Albert Pujols: Top 5 Reasons He Will Break the All-Time Home Run Record in 2020

Victor PedroContributor IMarch 31, 2011

Pujols looks forward to another big year in 2011
Pujols looks forward to another big year in 2011Joel Auerbach/Getty Images

1. Ability

The one thing everybody knows about Albert Pujols is that he is the best hitter in the game. His 162-game average looks like this: .331/42HR/118RBI/115R/1.050 OPS.

This absurd line is how you become a perennial MVP candidate and start the conversation of best hitter to ever play the game of baseball.


2. Age

Pujols enters the 2011 season at age 31 and will not turn 32 until this coming January. With advancements in technology and medicine, there is no reason to think that he won’t be able to play until he is 40 years old. 

With the average of 42 home runs per season, Pujols would finish with 828 home runs. That number is out of reach because as he ages, the 42 HR per year average will dip. A reasonable average would be 36, which would amount to a career total of 768, six more than current record holder Barry Bonds.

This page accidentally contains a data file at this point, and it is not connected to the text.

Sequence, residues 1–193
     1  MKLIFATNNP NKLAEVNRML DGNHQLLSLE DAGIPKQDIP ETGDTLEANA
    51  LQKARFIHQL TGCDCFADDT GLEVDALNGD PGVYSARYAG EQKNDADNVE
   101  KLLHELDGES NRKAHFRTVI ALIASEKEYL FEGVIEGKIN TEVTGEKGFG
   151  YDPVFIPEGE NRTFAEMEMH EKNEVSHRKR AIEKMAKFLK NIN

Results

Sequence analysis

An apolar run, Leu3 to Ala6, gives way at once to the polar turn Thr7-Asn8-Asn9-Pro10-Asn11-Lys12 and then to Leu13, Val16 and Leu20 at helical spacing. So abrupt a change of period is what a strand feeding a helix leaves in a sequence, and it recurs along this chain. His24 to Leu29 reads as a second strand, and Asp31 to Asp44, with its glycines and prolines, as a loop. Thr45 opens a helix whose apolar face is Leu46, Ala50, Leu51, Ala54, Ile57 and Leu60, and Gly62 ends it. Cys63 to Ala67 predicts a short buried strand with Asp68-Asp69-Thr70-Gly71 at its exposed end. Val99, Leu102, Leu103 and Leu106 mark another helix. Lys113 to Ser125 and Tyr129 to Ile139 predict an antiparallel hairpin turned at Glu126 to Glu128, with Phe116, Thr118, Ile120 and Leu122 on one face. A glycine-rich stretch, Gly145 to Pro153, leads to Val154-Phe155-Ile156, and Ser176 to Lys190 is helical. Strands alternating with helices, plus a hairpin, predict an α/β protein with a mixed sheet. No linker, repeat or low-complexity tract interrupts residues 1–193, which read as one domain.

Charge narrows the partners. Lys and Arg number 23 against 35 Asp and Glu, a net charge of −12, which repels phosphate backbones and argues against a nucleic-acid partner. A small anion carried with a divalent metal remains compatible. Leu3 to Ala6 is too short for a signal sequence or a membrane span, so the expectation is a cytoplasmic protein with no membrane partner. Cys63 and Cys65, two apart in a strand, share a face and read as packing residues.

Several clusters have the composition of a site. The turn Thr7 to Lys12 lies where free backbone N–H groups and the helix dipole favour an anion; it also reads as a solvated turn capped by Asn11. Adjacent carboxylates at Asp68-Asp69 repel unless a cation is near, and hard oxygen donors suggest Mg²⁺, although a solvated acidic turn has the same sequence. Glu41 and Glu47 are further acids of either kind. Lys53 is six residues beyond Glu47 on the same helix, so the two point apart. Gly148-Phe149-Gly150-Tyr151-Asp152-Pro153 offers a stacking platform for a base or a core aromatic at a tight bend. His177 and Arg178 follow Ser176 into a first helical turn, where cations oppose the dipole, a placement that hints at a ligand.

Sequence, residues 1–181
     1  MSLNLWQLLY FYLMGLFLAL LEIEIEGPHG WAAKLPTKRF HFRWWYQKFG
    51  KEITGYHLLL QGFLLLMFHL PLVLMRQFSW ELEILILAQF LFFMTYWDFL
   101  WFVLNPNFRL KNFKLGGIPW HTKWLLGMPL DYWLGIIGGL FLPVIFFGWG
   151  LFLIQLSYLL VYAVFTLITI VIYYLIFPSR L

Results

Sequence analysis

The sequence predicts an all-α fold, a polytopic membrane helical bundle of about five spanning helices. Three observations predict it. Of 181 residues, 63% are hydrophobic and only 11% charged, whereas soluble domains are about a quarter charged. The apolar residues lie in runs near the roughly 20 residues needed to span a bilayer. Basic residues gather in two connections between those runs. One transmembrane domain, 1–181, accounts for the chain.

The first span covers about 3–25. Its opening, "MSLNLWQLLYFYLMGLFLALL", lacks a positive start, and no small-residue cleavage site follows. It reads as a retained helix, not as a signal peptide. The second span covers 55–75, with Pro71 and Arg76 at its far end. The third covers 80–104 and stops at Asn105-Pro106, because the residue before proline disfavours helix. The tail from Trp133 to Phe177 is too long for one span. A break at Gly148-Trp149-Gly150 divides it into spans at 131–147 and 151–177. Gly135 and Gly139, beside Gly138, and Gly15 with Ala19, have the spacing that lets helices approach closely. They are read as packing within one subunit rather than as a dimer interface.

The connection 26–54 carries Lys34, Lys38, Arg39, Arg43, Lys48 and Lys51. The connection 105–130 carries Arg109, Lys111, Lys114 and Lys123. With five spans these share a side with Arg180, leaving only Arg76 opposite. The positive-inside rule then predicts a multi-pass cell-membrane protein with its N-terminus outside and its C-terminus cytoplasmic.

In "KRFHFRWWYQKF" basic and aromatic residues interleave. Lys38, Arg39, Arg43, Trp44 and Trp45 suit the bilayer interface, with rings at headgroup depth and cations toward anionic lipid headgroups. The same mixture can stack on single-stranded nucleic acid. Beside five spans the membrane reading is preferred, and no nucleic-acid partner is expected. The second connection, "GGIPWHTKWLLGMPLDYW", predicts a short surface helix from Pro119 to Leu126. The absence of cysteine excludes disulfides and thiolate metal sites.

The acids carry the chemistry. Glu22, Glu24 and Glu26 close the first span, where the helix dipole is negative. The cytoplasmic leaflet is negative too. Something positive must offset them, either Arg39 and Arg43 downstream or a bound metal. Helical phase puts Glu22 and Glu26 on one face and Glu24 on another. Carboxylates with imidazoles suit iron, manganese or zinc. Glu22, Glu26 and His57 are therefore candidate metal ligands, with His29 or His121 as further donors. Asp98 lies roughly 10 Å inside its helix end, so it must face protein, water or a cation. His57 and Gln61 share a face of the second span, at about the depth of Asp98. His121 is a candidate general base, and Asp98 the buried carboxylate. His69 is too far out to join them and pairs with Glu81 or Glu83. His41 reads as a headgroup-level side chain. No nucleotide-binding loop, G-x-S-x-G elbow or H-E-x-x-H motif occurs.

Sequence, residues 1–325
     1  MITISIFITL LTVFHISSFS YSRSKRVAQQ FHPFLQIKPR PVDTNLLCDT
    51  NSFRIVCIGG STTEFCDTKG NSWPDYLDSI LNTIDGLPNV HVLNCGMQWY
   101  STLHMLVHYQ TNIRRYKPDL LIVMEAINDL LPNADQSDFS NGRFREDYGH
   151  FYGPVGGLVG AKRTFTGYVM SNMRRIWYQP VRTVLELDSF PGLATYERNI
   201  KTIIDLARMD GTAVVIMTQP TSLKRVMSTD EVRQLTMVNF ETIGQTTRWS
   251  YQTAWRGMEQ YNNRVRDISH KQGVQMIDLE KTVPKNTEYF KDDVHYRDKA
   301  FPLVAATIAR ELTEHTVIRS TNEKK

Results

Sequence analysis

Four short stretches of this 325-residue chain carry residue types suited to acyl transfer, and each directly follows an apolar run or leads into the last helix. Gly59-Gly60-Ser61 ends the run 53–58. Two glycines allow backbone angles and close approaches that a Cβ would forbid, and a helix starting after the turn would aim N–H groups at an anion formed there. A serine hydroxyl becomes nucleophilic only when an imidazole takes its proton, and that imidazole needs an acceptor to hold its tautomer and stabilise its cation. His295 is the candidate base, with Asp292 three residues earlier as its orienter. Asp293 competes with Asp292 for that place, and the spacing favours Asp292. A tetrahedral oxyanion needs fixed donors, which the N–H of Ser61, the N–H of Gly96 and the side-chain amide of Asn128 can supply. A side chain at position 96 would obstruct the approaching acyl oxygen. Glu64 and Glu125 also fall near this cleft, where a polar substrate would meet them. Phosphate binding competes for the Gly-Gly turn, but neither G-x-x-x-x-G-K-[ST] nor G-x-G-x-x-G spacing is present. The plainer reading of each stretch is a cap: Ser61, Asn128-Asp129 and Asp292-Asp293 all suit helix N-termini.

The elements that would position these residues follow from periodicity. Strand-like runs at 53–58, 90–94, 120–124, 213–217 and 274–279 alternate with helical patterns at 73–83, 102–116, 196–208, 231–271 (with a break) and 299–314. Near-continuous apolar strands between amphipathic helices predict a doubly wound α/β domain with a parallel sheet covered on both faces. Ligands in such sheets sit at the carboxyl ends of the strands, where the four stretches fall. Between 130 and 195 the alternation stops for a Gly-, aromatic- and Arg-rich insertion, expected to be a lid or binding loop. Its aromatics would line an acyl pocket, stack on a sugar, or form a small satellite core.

3. Injury record

Since making the show in 2001, Pujols has averaged 156 games per season. Aside from two brief DL stints, one in 2006 and another in 2007, Pujols has a clean injury record and plays nearly every game. Barring any serious injury, Pujols will be able to continue to play enough games to make the run towards 762. 

In addition to his pure hitting ability, Pujols has also turned into a Gold Glove first baseman. With Gold Glove awards in 2006 and 2009, Pujols has shown the Cardinals and the entire league why he is worth a $300 million contract.


4. Work ethic

Pujols is known for working extremely hard every offseason, and this year he took his routine to a new level. He met with Kobe Bryant, the king of prolonging success with a training regimen. Pujols already arrived five hours before games and took extra batting practice. As Tony La Russa said, “It would’ve been nice to have been a fly on the wall.”


5. Supporting cast(s)

Currently Matt Holliday, one of the premier hitters in the game, protects Pujols by hitting in the No. 4 spot. If he stays in St. Louis, which I think he will, Holliday will continue to protect him for the duration of his contract. Even if Pujols were traded, he would go to a team that can handle his contract and thus be able to protect him with premier talent.